For the next three centuries, three dangerously jealous dynasties squabbled over control of the Valley.  Most often the arguments revolved around the lucrative trade route to Tibet.  Political rivalry flared into occasional fighting, but it also spurred the kingdoms into productive competition in art and architecture.  Each sought to sponsor a more lavish Temple, a more exquisitely carved stone bath, more and higher shrines.  Efforts focused on the Durbar Squares across form the three principle palaces, where veritable forests of temples and shrines sprouted in stone, brick and wood, embellished with vast quantities of precious metals.

The Malla kings also supported popular culture, sponsoring public dance performances and instituting the great chariot festivals of the three cities which continue to this day.  They prided themselves on the their culture, studying music



With an 800 km chain of peaks forming its northern boundary with Tibet, Nepal abounds in incredible mountain scenery that you can enjoy at a pace and level of activity that suits you.  There are few places in the world where you walk for days, or even weeks, through stunning mountain landscapes, secure in the knowledge that you find a hot dinner and a place to stay at the end of the day.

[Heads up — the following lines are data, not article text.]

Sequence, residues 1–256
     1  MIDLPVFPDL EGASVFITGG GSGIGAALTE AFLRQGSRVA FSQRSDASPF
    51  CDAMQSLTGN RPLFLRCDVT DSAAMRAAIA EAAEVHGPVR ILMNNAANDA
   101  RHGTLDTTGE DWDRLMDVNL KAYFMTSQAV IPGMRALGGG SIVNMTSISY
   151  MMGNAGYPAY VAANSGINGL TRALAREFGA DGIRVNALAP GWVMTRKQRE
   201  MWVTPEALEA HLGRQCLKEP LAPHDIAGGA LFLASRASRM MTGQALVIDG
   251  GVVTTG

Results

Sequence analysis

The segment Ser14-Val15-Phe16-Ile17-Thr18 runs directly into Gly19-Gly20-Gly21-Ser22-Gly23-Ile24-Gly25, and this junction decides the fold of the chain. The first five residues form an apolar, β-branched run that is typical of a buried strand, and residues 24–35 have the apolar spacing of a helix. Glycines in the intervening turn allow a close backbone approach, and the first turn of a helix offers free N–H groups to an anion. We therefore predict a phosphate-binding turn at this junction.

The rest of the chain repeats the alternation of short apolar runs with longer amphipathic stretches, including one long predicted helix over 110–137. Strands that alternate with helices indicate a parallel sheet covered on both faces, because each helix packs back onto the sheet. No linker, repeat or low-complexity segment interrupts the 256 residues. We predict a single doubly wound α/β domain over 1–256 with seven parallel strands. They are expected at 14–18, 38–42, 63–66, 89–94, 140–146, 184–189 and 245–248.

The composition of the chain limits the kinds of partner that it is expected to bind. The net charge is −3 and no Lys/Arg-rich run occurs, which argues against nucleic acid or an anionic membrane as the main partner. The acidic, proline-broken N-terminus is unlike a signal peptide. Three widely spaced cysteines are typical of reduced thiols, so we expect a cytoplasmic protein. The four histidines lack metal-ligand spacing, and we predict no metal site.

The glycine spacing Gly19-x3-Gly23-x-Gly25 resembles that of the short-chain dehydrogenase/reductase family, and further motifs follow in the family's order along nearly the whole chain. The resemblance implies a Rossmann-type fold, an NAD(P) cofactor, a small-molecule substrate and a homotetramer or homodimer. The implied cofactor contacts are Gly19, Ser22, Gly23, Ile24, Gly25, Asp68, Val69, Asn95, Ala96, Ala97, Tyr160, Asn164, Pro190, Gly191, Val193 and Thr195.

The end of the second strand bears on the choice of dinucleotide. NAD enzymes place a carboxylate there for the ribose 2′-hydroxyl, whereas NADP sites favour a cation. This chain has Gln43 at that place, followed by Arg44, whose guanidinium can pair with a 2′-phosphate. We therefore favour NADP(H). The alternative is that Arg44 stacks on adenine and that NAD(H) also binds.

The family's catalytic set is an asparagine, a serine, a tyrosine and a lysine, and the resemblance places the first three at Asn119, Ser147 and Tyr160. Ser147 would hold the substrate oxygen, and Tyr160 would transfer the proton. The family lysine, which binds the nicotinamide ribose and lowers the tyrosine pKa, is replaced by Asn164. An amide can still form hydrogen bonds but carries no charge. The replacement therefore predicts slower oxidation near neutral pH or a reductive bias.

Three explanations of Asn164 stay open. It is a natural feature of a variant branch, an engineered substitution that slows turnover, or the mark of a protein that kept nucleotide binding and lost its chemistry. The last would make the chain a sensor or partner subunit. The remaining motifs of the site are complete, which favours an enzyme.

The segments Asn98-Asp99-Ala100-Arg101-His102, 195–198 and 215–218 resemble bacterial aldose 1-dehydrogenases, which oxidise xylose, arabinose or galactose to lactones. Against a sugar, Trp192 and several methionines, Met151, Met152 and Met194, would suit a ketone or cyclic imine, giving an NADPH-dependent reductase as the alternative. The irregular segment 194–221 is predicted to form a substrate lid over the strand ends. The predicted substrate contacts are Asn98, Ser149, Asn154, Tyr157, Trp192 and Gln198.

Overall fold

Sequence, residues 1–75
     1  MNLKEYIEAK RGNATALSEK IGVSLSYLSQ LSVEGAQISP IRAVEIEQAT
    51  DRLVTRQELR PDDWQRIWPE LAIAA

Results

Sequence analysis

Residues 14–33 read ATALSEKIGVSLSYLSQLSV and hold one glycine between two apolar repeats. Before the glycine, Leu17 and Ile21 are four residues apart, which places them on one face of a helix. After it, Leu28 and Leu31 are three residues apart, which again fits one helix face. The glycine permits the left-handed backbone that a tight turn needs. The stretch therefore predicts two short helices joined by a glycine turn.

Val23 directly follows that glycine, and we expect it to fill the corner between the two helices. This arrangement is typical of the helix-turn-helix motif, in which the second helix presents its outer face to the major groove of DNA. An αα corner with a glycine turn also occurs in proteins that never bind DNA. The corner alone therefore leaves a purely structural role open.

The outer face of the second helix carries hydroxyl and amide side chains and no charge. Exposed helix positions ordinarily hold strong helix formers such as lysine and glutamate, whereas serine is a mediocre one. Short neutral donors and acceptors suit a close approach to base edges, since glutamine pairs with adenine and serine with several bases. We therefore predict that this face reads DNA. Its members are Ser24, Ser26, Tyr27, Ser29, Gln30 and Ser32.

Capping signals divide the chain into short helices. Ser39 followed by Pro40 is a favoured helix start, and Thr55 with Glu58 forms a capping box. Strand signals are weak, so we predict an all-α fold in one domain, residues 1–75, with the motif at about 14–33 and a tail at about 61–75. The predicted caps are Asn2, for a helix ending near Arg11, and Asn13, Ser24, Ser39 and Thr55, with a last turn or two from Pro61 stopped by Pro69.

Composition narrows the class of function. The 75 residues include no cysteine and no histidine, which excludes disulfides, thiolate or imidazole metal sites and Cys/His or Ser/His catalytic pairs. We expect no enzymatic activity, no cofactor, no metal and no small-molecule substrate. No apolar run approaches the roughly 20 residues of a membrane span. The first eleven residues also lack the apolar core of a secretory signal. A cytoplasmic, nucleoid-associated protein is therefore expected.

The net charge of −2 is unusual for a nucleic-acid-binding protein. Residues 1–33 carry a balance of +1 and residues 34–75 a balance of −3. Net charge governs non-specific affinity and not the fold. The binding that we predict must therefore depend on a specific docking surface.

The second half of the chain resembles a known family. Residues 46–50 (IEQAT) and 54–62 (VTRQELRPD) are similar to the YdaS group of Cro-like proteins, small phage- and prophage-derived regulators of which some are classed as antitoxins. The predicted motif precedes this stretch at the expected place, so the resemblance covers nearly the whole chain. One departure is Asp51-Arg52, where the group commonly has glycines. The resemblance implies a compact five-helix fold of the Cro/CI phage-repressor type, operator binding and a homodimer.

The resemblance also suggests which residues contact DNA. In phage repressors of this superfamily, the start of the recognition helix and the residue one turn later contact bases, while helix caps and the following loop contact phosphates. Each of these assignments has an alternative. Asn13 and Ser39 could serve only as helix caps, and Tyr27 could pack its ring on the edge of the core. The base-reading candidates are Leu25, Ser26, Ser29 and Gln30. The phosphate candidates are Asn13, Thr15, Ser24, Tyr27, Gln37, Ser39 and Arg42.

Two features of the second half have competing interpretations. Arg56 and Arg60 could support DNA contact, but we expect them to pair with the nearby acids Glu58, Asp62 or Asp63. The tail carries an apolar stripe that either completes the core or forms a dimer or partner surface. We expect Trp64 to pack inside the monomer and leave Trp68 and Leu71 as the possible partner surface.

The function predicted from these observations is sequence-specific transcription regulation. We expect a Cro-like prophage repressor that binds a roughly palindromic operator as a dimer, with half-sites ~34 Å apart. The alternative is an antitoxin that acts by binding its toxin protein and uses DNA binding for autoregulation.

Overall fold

Customs and traditions differ from one part of Nepal to another. A conglomeration lies in capital city Kathmandu where cultures are blending to form a national identity. Kathmandu Valley has served as the country’s cultural metropolis since the unification of Nepal in the 18th Century.A prominent factor in a Nepali’s everyday life is religion. Adding color to the lives of Nepalis are festivals the year round which they celebrate with much pomp and joy. Food plays an important role in the celebration of these festivals.

Nepal was declared a secular country by the Parliament on May 18, 2006. Religions practiced in Nepal are: Hinduism, Buddhism, Islam, Christianity, Jainism, Sikhism, Bon, ancestor worship and animism. The majority of Nepalis are either Hindus or Buddhism. The two have co-existed in harmony through centuries.
Buddha is widely worshipped by both Buddhists and Hindus of Nepal. The five Dhyani Buddhas; Vairochana, Akshobhaya, Rathasambhava, Amitabha and Amoghasiddhi, represent the five basic elements: earth, fire, water, air and ether. Buddhist philosophy conceives these deities to be the manifestations of Sunya or absolute void. Mahakaala and Bajrayogini are Vajrayana Buddhist deities worshipped by Hindus as well.